Children ages 5 to 8 are young enough that you can easily set rules such as, “Device use only during 5 to 7 p.m.” Your goal with parental controls may not be screen time itself but more about ensuring your kids don’t witness gore-fests or adult situations they’re not meant to see. Just remember to apply controls across the board.

For example, maybe your child loves YouTube, so you log into YouTube on the computer. You set it to “Restricted Mode.” All good? Not quite. The restricted setting on your browser doesn’t transfer to smartphone and tablet apps, even if they’re under the same account. You must separately set these YouTube apps to “Restricted Mode.” Plus, inappropriate content does get through occasionally.

Another approach is to block everything wholesale except for a “white list” of content you add to. For example, YouTube Kids offers the option for children to watch only content that has been approved. Everything else is off-limits, but the white list should grow as your child gets older and develops more interests. This white list concept applies to many apps and devices, not just YouTube Kids.

You may want to disable browsers such as Safari and Chrome. Replace them with a child-friendly browser such as Kiddle.

Don’t want to use parental controls at all? That’s fine! Focus on setting TV and device access limits. Check on your children regularly to see what they’re watching. Communicate with them about what they see (do this even if you use controls).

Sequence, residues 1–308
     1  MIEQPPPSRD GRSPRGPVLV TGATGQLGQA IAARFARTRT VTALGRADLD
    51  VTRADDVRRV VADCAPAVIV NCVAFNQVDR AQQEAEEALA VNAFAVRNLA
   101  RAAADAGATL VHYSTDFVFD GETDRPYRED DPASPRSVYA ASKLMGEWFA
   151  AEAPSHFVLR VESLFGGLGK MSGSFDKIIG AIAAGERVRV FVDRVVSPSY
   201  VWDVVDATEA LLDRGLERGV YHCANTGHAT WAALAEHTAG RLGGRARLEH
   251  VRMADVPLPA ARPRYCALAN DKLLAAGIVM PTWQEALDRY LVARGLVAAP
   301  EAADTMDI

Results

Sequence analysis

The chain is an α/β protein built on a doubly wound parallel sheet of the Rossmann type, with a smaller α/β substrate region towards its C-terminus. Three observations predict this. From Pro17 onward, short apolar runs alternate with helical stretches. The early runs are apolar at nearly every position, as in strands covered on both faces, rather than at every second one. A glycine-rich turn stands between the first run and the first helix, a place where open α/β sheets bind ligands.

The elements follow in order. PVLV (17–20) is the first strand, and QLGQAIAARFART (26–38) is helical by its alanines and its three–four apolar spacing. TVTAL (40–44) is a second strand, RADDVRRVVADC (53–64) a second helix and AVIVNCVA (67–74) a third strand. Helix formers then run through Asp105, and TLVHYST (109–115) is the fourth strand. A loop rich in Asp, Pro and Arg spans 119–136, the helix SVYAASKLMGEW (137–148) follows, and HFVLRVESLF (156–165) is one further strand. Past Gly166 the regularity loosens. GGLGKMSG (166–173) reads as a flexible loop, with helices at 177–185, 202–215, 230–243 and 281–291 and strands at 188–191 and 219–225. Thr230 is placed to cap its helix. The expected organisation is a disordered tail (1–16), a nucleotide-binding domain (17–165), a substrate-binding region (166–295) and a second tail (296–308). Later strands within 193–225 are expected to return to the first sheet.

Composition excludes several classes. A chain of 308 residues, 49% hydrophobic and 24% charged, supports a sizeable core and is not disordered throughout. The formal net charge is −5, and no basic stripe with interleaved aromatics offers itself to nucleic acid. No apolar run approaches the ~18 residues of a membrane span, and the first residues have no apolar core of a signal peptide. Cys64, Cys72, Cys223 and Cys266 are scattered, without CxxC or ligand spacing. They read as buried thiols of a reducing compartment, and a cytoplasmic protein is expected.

Older Children and Preteens (Ages 9 to 12)

Parental controls are trickier at this stage. Children are savvier and more aware of the content available. They could be downloading apps you’ve never heard of (TikTok used to be this type of app). A few tips:

  • Talk with your children about what they see and do online.
  • Encourage device use only in communal areas such as the living room.
  • Keep firm if you think your children aren’t old enough (or mature enough) to have personal devices such as smartphones and tablets.
  • Use parental controls on laptops, mobile devices, gaming consoles, TVs, YouTube, iTunes and other apps as necessary.
  • Establish parental controls buy-in through organic conversations. If necessary, firm it up by having your children agree to a “contract” governing their use of TV and digital video.
  • Turn on SafeSearch.
  • Verify age ratings for TV shows, videos, games and the like.
  • Check your parental controls occasionally to ensure they remain in place.
  • Research common hacks around controls such as kids using screen recording to figure out your passcode.

If you decide not to use parental controls, that’s fine (and preferable, many experts say). Either way, talk with your children about what they watch. Keep the majority of TV and video consumption (or all of it) in communal areas. Limit the time that your children spend on TV and mobile devices.

As parental controls evolve, so do their hacks. Children have done the following (and much more!) to outsmart their parents on Apple devices.

  • Watching YouTube videos through iMessage
  • Changing time zone settings to get around Downtime